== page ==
How can you resist a title like this?  Doesn’t hurt that I love stories alluding to mythology and Buddhist and Zen tales (even in parody) or that cover cross-cultural, intergenerational terrain.  And if the title isn’t enough, there’s the twin protagonists Moonie and Mei Ling Wong (known as the “Double Happiness” Chinese food delivery girls)  and their coming-of-age via the tales Marilyn Chin weaves together in Revenge of the Mooncake Vixen.






I had the pleasure of meeting Masha Hamilton when she received the 2010 Women’s National Book Association award for her work as a journalist and novelist as well as her literacy projects, including the Afghan Women’s Writing Project and the Camel Book Drive. I read her latest novel, 31 Hours, which I found riveting, and am now following with The Distance Between Us, the story of a journalist in the thick of it, the Middle East. Such is the appeal of her work, I may well end up reading all of her novels.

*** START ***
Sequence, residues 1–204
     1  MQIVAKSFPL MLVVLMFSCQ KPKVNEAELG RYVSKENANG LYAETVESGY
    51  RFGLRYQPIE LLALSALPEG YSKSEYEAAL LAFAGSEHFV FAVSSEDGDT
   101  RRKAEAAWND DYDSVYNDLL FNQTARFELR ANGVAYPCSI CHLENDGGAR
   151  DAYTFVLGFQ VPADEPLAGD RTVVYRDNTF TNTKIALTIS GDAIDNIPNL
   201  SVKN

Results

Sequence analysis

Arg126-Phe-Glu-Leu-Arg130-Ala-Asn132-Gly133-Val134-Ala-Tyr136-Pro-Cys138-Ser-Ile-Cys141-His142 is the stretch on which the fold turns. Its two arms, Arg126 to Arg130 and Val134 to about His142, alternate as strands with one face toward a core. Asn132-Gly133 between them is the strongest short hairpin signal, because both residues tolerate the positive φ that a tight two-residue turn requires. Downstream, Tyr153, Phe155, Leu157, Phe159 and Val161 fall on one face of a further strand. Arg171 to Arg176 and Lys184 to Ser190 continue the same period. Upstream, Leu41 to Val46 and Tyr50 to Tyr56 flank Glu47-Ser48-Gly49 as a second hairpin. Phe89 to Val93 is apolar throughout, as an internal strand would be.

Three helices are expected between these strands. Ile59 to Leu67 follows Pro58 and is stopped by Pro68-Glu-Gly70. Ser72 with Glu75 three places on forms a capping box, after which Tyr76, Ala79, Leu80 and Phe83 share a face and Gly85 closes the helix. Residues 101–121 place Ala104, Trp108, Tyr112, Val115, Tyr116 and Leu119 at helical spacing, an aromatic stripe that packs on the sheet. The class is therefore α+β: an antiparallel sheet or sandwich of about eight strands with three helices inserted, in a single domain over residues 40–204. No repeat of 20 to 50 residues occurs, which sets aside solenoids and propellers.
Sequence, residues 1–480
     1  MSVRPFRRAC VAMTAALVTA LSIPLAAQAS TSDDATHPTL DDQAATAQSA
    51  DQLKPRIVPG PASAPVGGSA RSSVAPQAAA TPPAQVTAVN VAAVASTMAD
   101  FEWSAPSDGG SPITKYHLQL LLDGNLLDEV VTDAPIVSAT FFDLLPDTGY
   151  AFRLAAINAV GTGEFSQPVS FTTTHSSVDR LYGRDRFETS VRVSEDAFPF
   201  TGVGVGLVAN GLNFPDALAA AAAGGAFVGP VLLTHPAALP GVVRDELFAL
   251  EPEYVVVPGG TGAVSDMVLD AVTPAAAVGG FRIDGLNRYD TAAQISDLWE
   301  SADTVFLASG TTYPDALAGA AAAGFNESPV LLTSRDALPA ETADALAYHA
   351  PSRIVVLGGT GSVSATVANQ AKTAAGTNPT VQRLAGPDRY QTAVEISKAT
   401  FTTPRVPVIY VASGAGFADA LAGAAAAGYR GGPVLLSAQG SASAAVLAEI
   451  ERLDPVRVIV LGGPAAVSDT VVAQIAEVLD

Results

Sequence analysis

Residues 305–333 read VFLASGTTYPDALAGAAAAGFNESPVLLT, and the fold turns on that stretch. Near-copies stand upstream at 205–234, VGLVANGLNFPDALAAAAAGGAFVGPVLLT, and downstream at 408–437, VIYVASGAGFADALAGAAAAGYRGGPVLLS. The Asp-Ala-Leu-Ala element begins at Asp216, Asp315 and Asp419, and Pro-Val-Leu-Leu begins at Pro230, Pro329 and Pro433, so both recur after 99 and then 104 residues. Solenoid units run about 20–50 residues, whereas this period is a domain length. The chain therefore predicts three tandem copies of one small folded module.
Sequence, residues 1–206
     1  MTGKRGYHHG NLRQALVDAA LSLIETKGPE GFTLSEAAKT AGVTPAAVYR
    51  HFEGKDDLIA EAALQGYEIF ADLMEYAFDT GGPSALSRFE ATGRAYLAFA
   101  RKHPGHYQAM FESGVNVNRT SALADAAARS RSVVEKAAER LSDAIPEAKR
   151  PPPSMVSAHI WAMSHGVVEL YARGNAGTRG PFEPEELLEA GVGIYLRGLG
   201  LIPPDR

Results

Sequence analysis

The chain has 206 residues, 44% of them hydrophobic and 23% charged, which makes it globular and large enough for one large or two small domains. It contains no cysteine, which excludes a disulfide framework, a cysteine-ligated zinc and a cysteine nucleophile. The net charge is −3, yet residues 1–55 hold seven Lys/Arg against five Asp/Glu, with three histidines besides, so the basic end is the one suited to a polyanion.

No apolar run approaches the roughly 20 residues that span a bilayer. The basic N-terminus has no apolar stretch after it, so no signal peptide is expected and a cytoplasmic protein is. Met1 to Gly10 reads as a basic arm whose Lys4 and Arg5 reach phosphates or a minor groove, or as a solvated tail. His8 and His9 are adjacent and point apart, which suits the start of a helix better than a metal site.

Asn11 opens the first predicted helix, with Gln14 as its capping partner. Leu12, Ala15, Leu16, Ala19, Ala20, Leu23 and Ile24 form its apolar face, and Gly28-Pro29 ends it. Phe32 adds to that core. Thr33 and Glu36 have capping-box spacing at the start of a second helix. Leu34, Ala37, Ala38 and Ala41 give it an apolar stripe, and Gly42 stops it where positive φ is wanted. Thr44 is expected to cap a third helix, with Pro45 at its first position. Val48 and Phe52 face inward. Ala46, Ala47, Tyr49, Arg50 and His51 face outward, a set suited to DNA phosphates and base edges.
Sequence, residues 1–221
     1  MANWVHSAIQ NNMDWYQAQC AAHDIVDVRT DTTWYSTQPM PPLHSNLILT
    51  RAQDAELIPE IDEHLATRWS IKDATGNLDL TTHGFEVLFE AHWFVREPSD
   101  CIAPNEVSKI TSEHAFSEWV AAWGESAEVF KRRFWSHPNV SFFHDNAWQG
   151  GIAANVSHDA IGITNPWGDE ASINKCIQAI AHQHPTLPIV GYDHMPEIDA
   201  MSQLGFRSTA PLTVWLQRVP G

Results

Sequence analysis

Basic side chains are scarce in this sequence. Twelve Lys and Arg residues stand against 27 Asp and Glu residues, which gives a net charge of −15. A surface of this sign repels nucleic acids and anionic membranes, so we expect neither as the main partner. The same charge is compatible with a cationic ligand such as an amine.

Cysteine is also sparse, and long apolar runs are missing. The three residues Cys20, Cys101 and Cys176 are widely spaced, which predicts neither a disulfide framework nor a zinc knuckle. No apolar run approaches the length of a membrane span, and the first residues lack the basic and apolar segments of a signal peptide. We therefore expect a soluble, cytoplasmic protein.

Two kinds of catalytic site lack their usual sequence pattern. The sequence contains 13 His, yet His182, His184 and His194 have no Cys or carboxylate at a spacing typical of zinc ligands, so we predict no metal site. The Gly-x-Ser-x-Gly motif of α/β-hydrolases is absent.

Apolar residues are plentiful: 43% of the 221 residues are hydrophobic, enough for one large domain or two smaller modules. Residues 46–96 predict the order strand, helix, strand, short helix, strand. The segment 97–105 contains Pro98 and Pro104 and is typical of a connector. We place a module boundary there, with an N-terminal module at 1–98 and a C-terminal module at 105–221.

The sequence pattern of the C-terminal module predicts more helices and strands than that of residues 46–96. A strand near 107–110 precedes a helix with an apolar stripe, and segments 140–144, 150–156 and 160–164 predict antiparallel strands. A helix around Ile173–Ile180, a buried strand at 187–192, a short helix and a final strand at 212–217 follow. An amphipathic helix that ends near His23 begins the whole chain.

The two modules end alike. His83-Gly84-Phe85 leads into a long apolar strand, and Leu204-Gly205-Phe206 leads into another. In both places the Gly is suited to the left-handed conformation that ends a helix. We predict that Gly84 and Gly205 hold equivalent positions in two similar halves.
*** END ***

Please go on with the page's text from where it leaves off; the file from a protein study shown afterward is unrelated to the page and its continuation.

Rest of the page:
Now, lest you think your eyes are playing tricks on you, take another peek at the image at the top of the post. I admit it,  I’m a sucker for a beautiful bookmark, all the more reason to be delighted when I chanced upon the whimsical In My Book bookmarks that double as notecards. Printed on heavy-duty watercolor paper, they come in fifteen different designs, each one as charming as the next. Doesn’t every good book deserve one?

Good Company

versatile-blogger%5B2%5D.jpg (150×150) Sometimes visiting blogs is like a game of connect the dots: one link leads to another, one blog stops you in your tracks — the lure of the subject, the way the blogger spins words, the photos and/or graphics artfully positioned.  Often it’s that very blog that stops you in your tracks that leads you to another  . . . and another.

So how lucky for me to have made the delightful online acquaintance of Kelly Garriott Waite and her equally delightful blog, Writing in the Margins/Bursting at the Seams, where she graciously passed along The Versatile Blogger award to me. Now it’s my turn to continue the chain.

1.  In joining the ranks of The Versatile Blogger, I’m asked to reveal seven things about myself. So consider this the first: I take my awards very seriously. 😉